TSX-V-listed Tsodilo Resources says its BK16 kimberlite project in Botswana’s Orapa kimberlite field is well placed to enter the market once the mine is established.
In a presentation published by the company this week, Tsodilo stated that BK16 was already showing similarities to Lucara Diamond Corp’s Karowe diamond mine in Botswana, as well as Petra Diamonds’ Koffiefontein mine, in South Africa’s Free State; BlueRock Diamonds’ Kareevlei mine, in South Africa’s Northern Cape; and Lucapa Diamond Company’s Mothae mine, in Lesotho.
BK16 is one of 85 known kimberlites in Botswana. Tsodilo CEO and chairperson James Bruchs noted in the presentation that the price of higher-quality diamonds is increasing on the back of increased demand, while diamond jewellery demand is also rising. Bruchs added that BK16 was the most prospective of the kimberlites currently being evaluated in the Orapa kimberlite field.
The project is currently in a sampling and testwork phase, with a 15 000 t to 25 000 t bulk sampling programme planned either as a new surface dug sample (boxcut) or an extension of tunnels away from dilution zones, to get a better indication of the real grades.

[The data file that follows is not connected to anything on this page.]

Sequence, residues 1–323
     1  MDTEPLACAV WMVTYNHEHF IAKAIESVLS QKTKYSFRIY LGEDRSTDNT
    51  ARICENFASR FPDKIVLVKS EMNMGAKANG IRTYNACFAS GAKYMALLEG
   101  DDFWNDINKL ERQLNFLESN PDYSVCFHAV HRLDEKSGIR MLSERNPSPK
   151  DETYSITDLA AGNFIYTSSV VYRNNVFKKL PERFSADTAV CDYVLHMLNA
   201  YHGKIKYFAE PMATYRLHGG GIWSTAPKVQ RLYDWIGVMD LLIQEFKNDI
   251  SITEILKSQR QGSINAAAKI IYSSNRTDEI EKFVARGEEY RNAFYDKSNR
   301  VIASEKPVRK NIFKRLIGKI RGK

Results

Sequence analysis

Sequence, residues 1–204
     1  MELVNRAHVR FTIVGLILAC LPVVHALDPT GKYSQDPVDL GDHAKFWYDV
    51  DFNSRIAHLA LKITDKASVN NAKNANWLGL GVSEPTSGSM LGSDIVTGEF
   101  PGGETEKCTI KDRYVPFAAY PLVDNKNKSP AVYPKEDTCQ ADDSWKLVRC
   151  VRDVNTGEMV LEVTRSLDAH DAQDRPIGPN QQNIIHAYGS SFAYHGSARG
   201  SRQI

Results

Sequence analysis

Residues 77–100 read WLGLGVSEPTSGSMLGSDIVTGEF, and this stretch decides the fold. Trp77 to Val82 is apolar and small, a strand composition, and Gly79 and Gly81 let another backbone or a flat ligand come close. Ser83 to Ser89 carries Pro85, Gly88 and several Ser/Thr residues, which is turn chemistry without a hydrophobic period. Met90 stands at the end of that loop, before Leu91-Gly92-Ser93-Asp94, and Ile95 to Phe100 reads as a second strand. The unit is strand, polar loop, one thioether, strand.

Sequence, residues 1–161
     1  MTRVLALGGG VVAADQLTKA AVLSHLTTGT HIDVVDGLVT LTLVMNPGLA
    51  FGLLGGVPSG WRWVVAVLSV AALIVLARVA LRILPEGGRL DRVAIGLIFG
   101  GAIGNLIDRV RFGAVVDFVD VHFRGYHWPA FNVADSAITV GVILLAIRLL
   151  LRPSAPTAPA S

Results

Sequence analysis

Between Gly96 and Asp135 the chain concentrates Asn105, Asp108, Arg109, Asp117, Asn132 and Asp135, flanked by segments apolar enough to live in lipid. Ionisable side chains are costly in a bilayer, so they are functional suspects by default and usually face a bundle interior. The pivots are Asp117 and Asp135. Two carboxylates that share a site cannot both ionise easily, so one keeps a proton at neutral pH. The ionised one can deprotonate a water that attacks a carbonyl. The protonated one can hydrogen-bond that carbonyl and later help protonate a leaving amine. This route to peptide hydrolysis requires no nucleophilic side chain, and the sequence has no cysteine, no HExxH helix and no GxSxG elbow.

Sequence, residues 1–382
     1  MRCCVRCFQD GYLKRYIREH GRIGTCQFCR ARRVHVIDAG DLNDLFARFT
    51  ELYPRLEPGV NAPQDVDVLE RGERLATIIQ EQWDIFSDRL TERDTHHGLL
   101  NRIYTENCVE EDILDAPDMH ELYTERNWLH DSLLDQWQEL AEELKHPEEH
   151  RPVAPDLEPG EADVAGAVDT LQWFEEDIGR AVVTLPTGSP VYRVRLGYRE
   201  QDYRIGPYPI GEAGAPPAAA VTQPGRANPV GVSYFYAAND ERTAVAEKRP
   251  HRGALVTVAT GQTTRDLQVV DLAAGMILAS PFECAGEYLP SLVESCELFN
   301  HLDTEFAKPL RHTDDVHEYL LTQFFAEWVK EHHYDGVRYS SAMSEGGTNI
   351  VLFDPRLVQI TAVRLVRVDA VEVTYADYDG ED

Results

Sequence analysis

Following the testwork, the company will get to work on a feasibility study that includes full engineering studies and the definition of mining parameters. Interlaced consultant Stephen Coward said in the presentation that the process of sample acquisition and processing to recover diamonds is complex and could not be considered an assay, as is the case for many types of metallic mineral sampling.
“This often results in material differences between the raw and diluted recovered grade from a set of samples and the true in situ grade of the target,” he said.
Coward did confirm that the BK16 deposit has the potential to host a coarse size diamond distribution, with the potential to contain high-value diamonds. Tsodilo completed 3 665 m of orebody delineation drilling in 2015, 3 668 m of pilot hole core drilling in 2017 and 3 120 m large diameter drilling to date.
Historical work on the project stopped in 2008 owing to the grade being considered too low, although Bruchs said it was under-sampled at the time, the global economic crisis and funding not being available. De Beers initially discovered the deposit and defined a grade of 1.4 carats per hundred tonnes in the 1960s.